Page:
This week the following question came up.  I've seen this come up before, and there are probably forum threads on it, but I figured I'd post it here.  Bill Essary provided the answer to the question.  As always, keep notes on what you do so that you can undo it if necessary.

Question

Is there a way to configure TFS to use fully-qualified domain names (FQDN, e.g., tfsserver.mycompany.com) for TFS, WSS, and Reporting Services?

Answer

1) Run "tfsadminutil activateat <FullyQualifiedDomainName>"

2) Update the following registry key with the FQDN: HKEY_LOCAL_MACHINE\SOFTWARE\Microsoft\VisualStudio\8.0\TeamFoundation\ReportServer

3) To force FQDN references in e-mail notifications, set TFSUrlPublic in the TFS root web.config file to http://<FQDN>:8080.

There are a handful of other places where the TFS URL is stored, but they typically wouldn't matter if the goal is to ensure that all public access to the server is done via FQDN.  The ones that are missed govern communication local to the TFS AT (ex: TFS scheduler prodding TFS warehouse).  If you want to get them all, use the SSL-only configuration topic for TFS as a guide.

4) Add the domain to the Intranet Zone or Trusted Sites list in IE for all clients (see KB 303650)

If you are using TFS 2008 with SharePoint 3.0 (or Microsoft Office SharePoint Services 2007), you will need to do the following as well.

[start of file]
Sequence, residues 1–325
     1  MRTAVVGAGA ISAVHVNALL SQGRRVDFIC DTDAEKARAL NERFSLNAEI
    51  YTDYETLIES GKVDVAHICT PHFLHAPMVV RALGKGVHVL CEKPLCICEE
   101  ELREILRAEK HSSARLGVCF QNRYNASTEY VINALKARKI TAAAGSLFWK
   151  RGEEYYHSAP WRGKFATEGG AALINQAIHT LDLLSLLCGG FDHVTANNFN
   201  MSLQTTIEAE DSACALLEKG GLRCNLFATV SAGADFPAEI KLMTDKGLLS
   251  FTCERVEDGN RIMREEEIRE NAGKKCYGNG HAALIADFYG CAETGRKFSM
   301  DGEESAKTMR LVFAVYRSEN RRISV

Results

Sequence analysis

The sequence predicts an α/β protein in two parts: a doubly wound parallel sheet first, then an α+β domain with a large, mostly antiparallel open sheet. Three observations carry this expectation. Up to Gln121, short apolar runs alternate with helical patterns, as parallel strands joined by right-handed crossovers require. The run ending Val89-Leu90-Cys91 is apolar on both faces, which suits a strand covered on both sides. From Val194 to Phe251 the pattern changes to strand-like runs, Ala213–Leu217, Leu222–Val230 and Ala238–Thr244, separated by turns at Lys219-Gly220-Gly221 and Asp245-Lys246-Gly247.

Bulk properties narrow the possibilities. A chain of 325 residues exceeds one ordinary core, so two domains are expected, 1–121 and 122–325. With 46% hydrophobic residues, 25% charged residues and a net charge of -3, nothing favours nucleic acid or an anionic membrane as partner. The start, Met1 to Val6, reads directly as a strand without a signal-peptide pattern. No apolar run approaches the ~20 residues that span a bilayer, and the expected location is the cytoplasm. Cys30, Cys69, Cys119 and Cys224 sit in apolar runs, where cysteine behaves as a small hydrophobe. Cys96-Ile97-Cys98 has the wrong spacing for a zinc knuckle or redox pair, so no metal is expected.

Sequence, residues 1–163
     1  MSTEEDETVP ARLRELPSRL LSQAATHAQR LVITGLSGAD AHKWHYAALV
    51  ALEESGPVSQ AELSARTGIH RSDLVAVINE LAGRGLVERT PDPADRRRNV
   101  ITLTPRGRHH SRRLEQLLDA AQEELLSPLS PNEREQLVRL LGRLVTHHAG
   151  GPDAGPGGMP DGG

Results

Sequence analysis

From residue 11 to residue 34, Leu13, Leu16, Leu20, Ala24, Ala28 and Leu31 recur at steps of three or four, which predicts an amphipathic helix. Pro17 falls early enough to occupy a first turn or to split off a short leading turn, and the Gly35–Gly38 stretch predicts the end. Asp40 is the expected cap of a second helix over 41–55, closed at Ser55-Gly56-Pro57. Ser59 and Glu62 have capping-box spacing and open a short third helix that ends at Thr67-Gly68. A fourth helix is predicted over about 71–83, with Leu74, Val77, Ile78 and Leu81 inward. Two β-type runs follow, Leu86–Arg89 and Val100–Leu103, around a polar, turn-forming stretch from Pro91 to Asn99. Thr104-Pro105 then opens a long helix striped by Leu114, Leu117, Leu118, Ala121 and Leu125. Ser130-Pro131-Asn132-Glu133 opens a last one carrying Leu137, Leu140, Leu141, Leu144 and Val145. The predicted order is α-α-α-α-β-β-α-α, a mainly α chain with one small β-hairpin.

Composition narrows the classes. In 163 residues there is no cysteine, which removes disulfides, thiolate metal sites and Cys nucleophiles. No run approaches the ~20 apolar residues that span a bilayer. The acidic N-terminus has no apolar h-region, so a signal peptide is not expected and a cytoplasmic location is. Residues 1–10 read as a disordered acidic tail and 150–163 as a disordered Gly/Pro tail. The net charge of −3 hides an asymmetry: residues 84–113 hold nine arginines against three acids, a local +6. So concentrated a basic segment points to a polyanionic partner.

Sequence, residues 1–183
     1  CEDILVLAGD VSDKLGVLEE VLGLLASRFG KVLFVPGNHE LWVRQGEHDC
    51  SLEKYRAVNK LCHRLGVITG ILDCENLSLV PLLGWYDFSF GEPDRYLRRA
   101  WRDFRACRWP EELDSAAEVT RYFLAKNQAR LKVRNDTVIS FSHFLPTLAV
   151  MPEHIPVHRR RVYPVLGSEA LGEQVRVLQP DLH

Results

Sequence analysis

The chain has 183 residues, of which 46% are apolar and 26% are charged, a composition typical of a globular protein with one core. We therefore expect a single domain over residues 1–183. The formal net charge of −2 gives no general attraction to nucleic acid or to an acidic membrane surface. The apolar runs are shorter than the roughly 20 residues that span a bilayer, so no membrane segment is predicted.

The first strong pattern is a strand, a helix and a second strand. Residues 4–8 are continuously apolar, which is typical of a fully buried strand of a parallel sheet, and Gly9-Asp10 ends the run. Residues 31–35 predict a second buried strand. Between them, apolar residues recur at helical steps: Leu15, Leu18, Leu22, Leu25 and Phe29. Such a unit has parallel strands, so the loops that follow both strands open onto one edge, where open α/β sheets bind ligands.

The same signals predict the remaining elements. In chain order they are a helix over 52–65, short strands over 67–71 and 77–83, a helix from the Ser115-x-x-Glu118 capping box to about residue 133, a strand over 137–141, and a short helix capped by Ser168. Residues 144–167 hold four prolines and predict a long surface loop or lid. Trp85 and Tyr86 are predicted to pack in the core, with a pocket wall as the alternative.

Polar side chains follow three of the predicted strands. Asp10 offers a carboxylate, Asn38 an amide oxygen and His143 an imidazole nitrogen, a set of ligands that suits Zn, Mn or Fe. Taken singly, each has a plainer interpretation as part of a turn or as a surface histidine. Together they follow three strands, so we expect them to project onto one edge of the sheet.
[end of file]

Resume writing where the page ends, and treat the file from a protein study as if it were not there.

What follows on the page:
After following the steps above with TFS2008 + WSS 3.0 you will observe that when you try to access the team portal using http://FQDN/sites/TeamProjectName you will be automatically redirected to http://NETBIOSNAME/sites/TeamProjectName. 

This behavior is by design and is caused by alternate access mapping. In order to avoid this you will have to create a custom alternate access mapping which has the FQDN as the internal URL and as the public URL.

  1. Open WSS3.0 Central Administration
  2. Click on Operations tab
  3. Click on Alternate access mapping
  4. Click the Add Internal URLs button
  5. In the dropdown select the default website (port 80)
  6. Enter the FQDN in the textbox
  7. Set the Zone to Custom

Additional step required when .NET 3.5 SP1 is installed 

If you have Service Pack 1 for .NET 3.5 installed on your 2008 server (and if you do, make sure you also have SP1 for TFS 2008 installed), you will need to make an additional change.  KB 926642 describes what you will need to do.  The registry change is probably the simplest approach, but you will need to decide which approach is best for you based on the security tradeoffs.

The need for this setting is due to the fact that .NET 3.5 SP1 includes changes to support Windows' features to defeat reflection attacks.  Unfortunately, that causes problems with the way FQDN support works in TFS.  You can find additional background on the Windows' security settings at Getting Caught by Loopback.  You can also read about the impact on SQL Reporting Services at Reporting Services HTTP 401 (Unauthorized) - Host Headers require your attention.

[UPDATE February 27, 2008] Ladislau Szomoru provided additional steps required when making this change with TFS 2008 and SharePoint 3.0.

[UPDATE October 17, 2008] I've added information about handling the new security checks enabled by .NET 3.5 SP1 that will prevent FQDN from working without taking additional steps.

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